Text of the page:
- Health officials have reported an outbreak of measles in the Philippines and Indonesia. CDC recommends that all international travelers protect themselves by making sure they are appropriately vaccinated against measles.
- The Malaysian state of Sarawak has declared parts of three divisions to be rabies infectious areas. Travelers who anticipate contact with animals such as dogs, cats, bats, or other carnivores should consider rabies vaccination before travel. Even if the pre-exposure rabies vaccine has been received, travelers should still get immediate medical treatment if bitten or scratched by an animal during travel.
- Check the World Map of Areas with Risk of Zika to find out about countries in Asia with risk of Zika. Refer to the Current Zika Virus Recommendations below on how to prevent Zika virus infection when traveling to these countries.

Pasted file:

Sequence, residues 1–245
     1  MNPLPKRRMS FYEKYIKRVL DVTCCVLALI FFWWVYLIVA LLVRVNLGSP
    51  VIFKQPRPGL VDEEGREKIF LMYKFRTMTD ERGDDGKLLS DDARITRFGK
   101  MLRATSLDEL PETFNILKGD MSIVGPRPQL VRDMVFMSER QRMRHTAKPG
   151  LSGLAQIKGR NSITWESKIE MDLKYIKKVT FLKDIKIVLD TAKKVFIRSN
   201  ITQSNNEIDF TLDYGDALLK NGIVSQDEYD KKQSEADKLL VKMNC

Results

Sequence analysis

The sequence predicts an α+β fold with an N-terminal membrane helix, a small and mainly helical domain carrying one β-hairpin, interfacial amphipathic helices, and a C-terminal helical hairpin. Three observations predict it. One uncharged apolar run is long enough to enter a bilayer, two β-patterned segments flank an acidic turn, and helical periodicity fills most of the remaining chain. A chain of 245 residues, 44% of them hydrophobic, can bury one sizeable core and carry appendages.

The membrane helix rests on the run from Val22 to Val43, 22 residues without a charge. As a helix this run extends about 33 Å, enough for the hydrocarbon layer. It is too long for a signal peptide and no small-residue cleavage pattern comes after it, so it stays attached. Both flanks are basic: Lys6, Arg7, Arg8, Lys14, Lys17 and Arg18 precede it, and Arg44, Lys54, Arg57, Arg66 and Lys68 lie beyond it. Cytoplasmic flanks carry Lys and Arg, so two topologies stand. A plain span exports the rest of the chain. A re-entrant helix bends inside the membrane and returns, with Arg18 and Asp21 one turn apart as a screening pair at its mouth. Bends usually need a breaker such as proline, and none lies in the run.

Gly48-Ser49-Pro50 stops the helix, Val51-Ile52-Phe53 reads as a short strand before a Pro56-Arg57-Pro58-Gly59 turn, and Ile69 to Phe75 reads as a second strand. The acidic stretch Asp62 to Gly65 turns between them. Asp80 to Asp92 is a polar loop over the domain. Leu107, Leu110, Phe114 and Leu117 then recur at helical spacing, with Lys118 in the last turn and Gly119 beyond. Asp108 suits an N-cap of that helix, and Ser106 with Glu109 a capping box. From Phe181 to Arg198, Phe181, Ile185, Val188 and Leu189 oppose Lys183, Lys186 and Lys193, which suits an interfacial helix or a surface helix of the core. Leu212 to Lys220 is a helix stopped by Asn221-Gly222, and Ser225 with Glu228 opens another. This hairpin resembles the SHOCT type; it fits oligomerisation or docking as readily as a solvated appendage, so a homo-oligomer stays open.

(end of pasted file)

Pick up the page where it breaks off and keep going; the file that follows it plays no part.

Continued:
- There has been a breakdown of the medical infrastructure in Venezuela. There are shortages of food, water, electricity, medicine, and medical supplies that have contributed to an increasing humanitarian crisis affecting much of the country. Adequate health care is not available through the public health system. For this reason, in addition to crime and civil unrest, the US government has limited ability to provide emergency services to US citizens. Infectious diseases are on the rise, and several large outbreaks are occurring including measles, diphtheria and malaria. CDC recommends that travelers avoid all non-essential travel to Venezuela. Travelers that must go to Venezuela should protect themselves by following CDC's recommendations. For more information, visit the Department of State Travel Advisory for Venezuala.
- There is an outbreak of measles in Brazil. Over 5,000 cases have been reported in the states of Amazonas and Roraimas. CDC recommends that travelers to Brazil be fully vaccinated against measles.
- There is a large, ongoing outbreak of yellow fever in multiples states of Brazil. Since early 2018,